How can you analyze the poem “to the ladies” in poetics?

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To the Ladies” is a poem written by the English poet Mary Chudleigh, who lived in the late seventeenth century.

In her poem, the poet describes life in a typical marriage in the seventeenth century. Once a couple is married, the woman loses all independence and is...

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To the Ladies” is a poem written by the English poet Mary Chudleigh, who lived in the late seventeenth century.

In her poem, the poet describes life in a typical marriage in the seventeenth century. Once a couple is married, the woman loses all independence and is to be seen as the property of her husband. It is quite telling that the poet even decided to start her poem with a line that states exactly that: “wife and servant are the same.” This clearly states the theme of the poem: the inequality between men and women in marriage or perhaps even in life itself.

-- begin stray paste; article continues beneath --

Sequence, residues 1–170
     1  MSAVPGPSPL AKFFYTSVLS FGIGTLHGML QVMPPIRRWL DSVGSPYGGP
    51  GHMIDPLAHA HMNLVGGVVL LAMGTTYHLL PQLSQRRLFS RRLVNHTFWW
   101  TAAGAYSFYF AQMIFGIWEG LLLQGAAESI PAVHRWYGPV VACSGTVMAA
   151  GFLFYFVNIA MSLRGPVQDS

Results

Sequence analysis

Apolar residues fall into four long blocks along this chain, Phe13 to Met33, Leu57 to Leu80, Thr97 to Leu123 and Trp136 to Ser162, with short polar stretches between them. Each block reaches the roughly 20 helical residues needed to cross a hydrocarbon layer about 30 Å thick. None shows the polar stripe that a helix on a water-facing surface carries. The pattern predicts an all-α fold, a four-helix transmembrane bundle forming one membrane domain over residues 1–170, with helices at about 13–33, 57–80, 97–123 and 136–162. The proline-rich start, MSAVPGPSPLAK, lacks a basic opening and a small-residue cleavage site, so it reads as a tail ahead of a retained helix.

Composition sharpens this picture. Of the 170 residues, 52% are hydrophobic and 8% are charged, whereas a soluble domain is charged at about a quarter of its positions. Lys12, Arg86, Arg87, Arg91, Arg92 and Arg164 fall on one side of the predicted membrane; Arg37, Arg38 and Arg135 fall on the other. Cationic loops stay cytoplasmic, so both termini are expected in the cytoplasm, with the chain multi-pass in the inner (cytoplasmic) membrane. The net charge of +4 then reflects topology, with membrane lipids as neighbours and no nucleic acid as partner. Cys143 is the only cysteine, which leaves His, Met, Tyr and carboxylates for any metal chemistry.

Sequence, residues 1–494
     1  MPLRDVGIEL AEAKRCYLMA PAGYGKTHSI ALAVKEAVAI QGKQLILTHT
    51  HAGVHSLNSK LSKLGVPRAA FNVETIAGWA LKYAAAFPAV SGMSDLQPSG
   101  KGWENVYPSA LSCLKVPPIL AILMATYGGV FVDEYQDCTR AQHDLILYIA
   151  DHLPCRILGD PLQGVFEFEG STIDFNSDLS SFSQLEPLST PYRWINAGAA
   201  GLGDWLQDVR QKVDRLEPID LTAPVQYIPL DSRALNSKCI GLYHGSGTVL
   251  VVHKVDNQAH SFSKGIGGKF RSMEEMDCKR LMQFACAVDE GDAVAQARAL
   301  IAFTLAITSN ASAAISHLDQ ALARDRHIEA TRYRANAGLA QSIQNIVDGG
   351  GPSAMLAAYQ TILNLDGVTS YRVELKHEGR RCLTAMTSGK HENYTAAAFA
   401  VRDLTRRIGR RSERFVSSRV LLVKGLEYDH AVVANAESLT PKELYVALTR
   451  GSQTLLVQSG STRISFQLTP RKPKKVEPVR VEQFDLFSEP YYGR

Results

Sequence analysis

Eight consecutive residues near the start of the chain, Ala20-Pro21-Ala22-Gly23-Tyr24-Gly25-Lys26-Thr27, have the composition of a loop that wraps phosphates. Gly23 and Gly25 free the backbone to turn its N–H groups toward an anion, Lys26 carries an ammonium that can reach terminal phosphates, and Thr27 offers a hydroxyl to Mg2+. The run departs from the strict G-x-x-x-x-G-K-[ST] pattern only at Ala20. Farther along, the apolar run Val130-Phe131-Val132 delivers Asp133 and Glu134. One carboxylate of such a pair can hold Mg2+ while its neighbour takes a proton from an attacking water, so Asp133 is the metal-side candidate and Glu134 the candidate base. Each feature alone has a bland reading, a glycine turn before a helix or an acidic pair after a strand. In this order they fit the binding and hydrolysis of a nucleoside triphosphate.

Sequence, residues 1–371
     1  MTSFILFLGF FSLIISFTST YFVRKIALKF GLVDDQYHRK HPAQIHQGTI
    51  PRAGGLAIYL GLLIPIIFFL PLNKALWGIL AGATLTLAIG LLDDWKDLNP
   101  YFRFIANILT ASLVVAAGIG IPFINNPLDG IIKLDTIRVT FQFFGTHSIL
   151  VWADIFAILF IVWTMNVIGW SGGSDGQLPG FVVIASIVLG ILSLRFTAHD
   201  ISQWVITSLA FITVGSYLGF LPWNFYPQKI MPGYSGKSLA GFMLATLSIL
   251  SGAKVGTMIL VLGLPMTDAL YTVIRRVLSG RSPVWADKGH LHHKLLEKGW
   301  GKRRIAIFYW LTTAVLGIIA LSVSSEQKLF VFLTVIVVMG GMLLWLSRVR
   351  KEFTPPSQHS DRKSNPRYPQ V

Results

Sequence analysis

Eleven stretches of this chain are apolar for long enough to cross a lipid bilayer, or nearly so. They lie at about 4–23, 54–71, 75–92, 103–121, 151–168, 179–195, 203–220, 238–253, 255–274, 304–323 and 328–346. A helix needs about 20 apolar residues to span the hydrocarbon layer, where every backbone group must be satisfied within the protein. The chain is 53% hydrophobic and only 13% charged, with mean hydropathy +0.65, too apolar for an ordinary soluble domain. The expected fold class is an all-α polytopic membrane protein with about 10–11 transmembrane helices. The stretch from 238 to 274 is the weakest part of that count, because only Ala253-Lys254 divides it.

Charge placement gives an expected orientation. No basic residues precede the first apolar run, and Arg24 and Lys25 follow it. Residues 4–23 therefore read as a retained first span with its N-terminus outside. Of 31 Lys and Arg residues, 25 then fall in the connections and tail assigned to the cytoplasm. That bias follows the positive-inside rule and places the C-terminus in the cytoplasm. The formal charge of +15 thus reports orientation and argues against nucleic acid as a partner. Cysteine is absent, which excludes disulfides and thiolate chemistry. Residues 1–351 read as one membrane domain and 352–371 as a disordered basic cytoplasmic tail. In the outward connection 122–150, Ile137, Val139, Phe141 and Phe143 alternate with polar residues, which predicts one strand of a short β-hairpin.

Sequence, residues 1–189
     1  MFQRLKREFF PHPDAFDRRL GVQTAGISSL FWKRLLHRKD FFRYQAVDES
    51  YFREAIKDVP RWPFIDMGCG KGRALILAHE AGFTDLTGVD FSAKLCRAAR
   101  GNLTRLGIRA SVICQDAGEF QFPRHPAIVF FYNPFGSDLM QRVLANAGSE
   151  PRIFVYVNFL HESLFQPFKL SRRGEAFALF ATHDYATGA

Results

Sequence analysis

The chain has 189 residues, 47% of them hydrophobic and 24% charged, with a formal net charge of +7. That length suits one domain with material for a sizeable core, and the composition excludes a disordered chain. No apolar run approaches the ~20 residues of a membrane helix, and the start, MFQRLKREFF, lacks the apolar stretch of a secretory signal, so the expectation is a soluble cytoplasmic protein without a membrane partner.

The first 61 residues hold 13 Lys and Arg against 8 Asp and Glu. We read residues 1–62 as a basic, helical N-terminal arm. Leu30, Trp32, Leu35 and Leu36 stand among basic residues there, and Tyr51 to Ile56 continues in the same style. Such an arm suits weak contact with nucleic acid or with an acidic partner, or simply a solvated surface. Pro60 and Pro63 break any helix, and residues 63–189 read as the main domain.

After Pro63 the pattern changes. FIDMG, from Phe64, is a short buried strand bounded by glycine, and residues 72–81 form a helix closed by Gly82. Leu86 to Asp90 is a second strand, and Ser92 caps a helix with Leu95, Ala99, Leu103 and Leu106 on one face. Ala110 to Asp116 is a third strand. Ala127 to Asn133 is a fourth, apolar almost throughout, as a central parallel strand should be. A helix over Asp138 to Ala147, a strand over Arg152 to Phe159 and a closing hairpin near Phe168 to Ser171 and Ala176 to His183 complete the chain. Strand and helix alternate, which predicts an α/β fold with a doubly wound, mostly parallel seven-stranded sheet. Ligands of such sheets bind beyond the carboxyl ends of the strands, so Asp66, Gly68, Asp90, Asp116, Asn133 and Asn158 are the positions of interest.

The poet is almost desperate for married women to gain freedom and independence, but she has come to the painful realization that it is simply not possible to escape this unfair and unequal union between a man and woman, “which nothing, nothing can divide.” This sense of hopelessness is underlined through the repetition of the word “nothing” in this line.

The poet also uses analogies in order to bring her point across. For example, the line “Fierce as an Eastern prince he grows” indicates the negative changes within a man once he has become a husband to a woman. Suddenly, he becomes a cold, merciless ruler, like an “Eastern prince” who takes his wife for granted and does not need to try to woo her any longer.

However, despite her negative outlook on marriage during this poem, the poet ends with some guidance for her readers: “Value yourselves, and men despise, / You must be proud, if you’ll be wise.” Through these lines, she tries to encourage women to keep their heads held up high and to not lose their sense of identity, despite the challenges and social expectations that marriage brings. As the title indicates, the poet is dedicated “to the ladies”: it is a warning, but also guidance with regard to how to make the most of marriage and life.

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